I like best to give them more than they thought they wanted, but that can be risky. I go for variety, in tone, setting, characters, ideas, style, whatever, but some editors stick closer to what they know their readers prefer, and that’s not a bad plan, either. Whatever your editorial style is, you’ll get the credit (or blame) for the way the book as a whole turns out, even though we all know that the most important part is getting good stories to work with. Without the writers, we’re nowhere.

Once you’ve decided which stories you’ll use, you really get down to work. Sending out acceptances is fun; sending out rejections is awful. With acceptances, I always say that they’re conditional, pending approval by the publisher. With rejections, when I can, I include a few specific points as to what was good or not so good, but really, it generally boils down to just not fitting into the anthology as a whole, for whatever reason, and if there are hundreds of submissions, it’s better to hurry up and let folks know that they can send their work elsewhere than to take a lot of time on each one.

At this point you need to send out contracts for the chosen writers to sign, with the understanding that the publisher may yet decide against them. You need the contracts now, so that you can guarantee to the publisher that all the stories are available. Usually you e-mail your version and ask the writers to print out two copies, sign them, and send both back to you. The usual practice is to send back one countersigned copy to them with their payment when the book comes out. Some publishers have a form contract they want you to use, and sometimes they leave it to you. Some want you to send them copies of the contracts, and some would rather have you keep them. The exact wording of contracts is a topic I’m not going to deal with here, except to say that you should always read a contract through and be sure you understand it before signing.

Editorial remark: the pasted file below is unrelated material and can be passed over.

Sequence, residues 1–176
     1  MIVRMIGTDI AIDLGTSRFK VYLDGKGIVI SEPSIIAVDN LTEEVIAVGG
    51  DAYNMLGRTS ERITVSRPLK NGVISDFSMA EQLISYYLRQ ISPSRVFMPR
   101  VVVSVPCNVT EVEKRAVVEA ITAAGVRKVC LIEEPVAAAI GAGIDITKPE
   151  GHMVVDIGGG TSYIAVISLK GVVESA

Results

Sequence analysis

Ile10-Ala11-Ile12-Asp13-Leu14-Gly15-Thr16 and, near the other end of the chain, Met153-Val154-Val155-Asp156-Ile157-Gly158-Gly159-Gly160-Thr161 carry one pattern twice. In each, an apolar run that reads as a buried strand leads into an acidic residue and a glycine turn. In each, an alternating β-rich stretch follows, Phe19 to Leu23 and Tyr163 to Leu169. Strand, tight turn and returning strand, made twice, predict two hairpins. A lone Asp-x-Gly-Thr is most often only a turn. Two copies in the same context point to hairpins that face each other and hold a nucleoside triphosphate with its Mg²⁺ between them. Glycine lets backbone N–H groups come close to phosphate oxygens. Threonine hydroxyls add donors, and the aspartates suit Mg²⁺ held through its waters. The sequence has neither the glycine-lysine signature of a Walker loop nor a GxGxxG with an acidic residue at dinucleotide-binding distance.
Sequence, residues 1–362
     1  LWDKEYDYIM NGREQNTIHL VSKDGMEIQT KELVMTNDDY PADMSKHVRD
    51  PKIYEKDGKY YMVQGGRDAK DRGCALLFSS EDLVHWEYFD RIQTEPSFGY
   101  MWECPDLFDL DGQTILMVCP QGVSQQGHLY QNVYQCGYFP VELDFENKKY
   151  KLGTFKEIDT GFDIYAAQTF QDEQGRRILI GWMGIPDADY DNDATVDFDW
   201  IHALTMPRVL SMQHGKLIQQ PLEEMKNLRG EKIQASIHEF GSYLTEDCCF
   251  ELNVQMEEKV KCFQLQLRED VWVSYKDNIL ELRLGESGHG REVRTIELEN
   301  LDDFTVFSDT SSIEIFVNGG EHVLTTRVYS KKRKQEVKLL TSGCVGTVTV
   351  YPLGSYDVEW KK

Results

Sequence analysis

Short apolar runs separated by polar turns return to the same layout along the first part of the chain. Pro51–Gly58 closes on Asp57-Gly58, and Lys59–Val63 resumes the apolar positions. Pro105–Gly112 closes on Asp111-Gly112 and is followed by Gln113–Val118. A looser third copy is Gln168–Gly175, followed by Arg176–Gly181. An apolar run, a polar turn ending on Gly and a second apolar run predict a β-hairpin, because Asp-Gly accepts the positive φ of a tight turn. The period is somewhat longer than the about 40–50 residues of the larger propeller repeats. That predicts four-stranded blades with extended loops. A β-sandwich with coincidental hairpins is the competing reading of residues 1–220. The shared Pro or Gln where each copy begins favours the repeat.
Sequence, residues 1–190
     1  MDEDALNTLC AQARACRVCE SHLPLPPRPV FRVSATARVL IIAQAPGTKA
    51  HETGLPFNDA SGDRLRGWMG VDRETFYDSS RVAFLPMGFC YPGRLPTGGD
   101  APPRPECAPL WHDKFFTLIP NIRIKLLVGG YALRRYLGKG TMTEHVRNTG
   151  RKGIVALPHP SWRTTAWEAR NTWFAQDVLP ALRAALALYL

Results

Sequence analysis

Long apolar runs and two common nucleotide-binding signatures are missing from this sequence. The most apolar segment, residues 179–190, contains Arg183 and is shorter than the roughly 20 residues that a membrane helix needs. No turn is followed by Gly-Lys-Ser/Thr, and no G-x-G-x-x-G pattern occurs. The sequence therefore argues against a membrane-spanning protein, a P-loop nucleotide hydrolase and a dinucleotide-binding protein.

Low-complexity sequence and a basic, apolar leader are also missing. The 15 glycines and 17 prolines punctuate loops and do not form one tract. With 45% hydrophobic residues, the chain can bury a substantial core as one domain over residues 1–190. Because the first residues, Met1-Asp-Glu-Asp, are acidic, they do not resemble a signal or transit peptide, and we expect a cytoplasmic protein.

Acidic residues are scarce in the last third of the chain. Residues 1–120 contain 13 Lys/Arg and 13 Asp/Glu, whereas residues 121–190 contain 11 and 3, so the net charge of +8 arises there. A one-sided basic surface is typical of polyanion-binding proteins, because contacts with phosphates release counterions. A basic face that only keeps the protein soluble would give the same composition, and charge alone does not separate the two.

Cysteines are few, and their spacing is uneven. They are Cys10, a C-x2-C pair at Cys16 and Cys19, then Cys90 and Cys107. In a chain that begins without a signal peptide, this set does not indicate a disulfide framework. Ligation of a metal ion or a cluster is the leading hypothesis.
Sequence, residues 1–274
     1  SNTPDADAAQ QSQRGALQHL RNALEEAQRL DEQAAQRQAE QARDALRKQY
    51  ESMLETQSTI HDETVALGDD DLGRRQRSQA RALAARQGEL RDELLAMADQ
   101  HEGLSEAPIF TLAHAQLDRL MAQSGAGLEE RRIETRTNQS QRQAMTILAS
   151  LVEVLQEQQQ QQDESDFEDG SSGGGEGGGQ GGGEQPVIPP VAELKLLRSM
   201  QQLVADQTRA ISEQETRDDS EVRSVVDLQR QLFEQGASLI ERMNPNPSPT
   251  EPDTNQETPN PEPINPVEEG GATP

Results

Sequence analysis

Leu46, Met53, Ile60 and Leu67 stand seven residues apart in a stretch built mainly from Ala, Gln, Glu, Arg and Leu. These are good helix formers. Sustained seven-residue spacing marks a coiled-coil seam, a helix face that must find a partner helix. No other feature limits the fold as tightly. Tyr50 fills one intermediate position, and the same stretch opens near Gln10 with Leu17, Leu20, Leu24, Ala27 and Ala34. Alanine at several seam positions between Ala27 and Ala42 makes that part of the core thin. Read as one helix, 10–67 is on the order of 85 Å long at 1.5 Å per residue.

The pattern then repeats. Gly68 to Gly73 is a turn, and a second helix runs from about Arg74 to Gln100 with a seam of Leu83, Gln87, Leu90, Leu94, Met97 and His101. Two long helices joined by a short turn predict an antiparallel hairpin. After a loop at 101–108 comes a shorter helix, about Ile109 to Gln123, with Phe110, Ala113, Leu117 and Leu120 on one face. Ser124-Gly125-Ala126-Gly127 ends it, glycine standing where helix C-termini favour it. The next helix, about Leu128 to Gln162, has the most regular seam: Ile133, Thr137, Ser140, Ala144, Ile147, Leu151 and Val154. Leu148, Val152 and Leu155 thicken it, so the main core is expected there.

Then comes the real editing part. Some stories need next to nothing beyond copyediting for typos; some prompt you to do considerable fact-checking just in case; and some can be improved by several sessions of back-and-forth revisions until writer and editor are both satisfied. Good publishers have good copyeditors, and no matter how careful you are they’ll probably find something you missed, but it’s nice to be told that the manuscripts you turn in are remarkably “clean.” (And sometimes you find things in the galley proofs that all of you missed before. That can be fun.)

When the stories are as good as they can be, it’s time to decide on their order in the book. Strong first and last stories—and middle ones; good variation, unless grouping similar ones fits your purpose better—or whatever feels right to you. Sometimes even a chronological order can apply. If the publisher doesn’t agree with the way you’ve done it, it can be changed. The thing now, as you’re facing your own deadline, is to write an introduction (if that’s customary with your publisher,) get the whole thing formatted as the publisher prefers (if you’ve been told,) and send it off on time.

Then you wait. Maybe not for long, but you never know. If you’re getting an advance, usually half of it will be paid when the manuscript is accepted, and half when the book comes out. When you do know which stories have been approved (and possibly gone to bat for a few, or chosen some yourself to cut because they say the book is too long,) it’s time to let the lucky writers know, and encourage them to publicize the fact on all their social networks. It’s never too early to start promoting.

Promotion these days is at least as important as any other part of the process. More important, in fact, since however good a book is, if it doesn’t sell and isn’t read, it’s wasted. I’m not going to get into that here, first because I’m still struggling with the concept myself, and second because it seems that everyone is struggling with it, and the whole idea of how books are published and distributed and read is in such flux that things could change at any time. Some people have a better grasp on promotion than others, though, so whenever I see an expert blog on that very subject, I certainly pay attention.

If any of you post your own Calls for Submission for anthologies, I’ll pay attention to those, too. Good luck!